MyBuilder survey reveals that many don't know how to access live services quickly

Millions of homeowners and renters are putting their lives in danger and risk causing thousands of pounds worth of damage because they don’t know how to turn off the essential live services supplying their homes.

Our survey revealed that a third (33 percent) wouldn’t know how to turn off their gas in the event of an accident, admitting they would turn to Google to find out how to locate the shut off valve.

The survey of 2,000 UK homeowners and renters revealed that almost half (43 percent) don’t know how to turn their gas supply off and a fifth wouldn’t know how to switch the electricity off.

Almost one in five (19 percent) don’t know how to turn off their water - with this figure rising to 38 per cent among 18 to 34-year olds.

Lethal consequences

Not knowing how to locate these vital safety features can have potentially lethal consequences, as well as being costly to repair devastating water or fire damage.

One fifth of those surveyed has learned the hard way by discovering a major leak and not knowing how to turn the water off quickly.

This rises to 28 per cent among 18 to 34-year olds, while just 11 percent of over 55s have suffered the same fate.

Common issues include putting a nail through a water pipe while working on loose floorboards.

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Tenants and homeowners in London are the least likely to know how to turn their water off, while those in the North East are odds-on to know where the stopcock is to fix the situation.

Carl Goulding, MyBuilder’s Head of Trade Quality, comments: “It’s vital that all homeowners and tenants know how to turn off their live services.

“You never know when you might have to - and not being able to act quickly in the event of an emergency can have devastating consequences.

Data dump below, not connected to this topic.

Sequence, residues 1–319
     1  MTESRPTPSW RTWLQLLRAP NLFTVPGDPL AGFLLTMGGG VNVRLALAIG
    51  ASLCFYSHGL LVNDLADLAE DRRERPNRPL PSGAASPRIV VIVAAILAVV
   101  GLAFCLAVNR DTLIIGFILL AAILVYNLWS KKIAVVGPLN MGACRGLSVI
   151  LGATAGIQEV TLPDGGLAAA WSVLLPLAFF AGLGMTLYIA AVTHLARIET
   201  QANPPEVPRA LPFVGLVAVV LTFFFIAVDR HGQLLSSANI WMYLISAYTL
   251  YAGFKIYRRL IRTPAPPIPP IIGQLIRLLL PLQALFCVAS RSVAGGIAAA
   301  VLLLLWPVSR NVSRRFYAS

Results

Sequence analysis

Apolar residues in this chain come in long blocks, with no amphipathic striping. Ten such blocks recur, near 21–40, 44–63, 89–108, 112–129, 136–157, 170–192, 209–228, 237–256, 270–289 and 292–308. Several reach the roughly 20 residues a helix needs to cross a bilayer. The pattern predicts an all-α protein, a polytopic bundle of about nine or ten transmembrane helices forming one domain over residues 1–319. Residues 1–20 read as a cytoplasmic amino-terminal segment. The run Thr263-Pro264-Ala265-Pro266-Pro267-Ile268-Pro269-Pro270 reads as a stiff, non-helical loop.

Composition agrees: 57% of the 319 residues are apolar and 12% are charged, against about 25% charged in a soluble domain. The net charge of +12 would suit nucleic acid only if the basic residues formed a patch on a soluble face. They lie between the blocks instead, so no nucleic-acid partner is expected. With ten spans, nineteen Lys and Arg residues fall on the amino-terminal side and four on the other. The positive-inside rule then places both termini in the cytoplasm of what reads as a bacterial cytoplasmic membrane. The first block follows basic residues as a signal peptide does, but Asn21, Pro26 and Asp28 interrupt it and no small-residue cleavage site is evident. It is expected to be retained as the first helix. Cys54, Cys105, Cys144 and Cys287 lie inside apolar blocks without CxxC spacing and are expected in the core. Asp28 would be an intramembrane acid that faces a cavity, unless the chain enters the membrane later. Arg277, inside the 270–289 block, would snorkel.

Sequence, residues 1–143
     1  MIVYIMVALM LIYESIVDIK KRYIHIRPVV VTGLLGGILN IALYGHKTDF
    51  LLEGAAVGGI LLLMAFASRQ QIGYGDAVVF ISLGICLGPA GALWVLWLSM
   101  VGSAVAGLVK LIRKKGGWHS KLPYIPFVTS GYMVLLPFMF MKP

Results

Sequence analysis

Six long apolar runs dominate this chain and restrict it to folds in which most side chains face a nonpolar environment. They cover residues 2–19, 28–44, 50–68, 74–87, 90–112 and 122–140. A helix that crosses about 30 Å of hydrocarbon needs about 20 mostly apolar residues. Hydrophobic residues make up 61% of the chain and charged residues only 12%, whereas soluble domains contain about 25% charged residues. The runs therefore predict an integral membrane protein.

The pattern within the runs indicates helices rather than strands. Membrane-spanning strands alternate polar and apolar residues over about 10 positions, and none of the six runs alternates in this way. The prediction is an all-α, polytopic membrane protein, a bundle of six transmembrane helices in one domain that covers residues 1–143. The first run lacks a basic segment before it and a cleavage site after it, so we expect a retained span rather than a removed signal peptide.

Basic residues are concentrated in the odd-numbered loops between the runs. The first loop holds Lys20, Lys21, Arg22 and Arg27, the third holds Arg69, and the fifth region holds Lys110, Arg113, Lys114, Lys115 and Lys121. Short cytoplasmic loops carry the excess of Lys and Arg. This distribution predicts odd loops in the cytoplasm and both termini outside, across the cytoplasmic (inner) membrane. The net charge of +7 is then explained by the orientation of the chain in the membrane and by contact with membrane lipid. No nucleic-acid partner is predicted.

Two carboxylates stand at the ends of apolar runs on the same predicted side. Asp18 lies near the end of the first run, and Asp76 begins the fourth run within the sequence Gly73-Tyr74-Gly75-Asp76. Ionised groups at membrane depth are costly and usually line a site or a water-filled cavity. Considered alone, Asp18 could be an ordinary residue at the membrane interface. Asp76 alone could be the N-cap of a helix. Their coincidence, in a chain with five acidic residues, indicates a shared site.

“We want to make sure that every homeowner or tenant has the basic knowledge so that if something does go wrong, they know what to do fast. Being too slow to turn off the water supply when there’s a leak could end up costing thousands of pounds worth of damage, so spending just a little bit time learning the basics will be time well spent.”

And homeowners and tenants could be risking their lives using unverified information from the internet to carry out jobs which should only be tackled by professionals.

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More than one in 10 (11 per cent) have Googled how to fix the boiler, while seven per cent have searched how to replace a gas cooker.

This is despite it being against the law for anyone not on the Gas Safe Register to carry out work on a gas boiler, gas fire, cooker or hob.

More than a quarter (26 per cent) say they’ve risked drilling into a wall while not knowing whether there were pipes or wiring behind it.

While 20 per cent admit they don't know how to turn off their water, six per cent have been forced to call out a professional to do it for them, while the same figure have brought an electrician round to switch the power back on.

Read our advice article on how to locate and isolate the live services in your home. 

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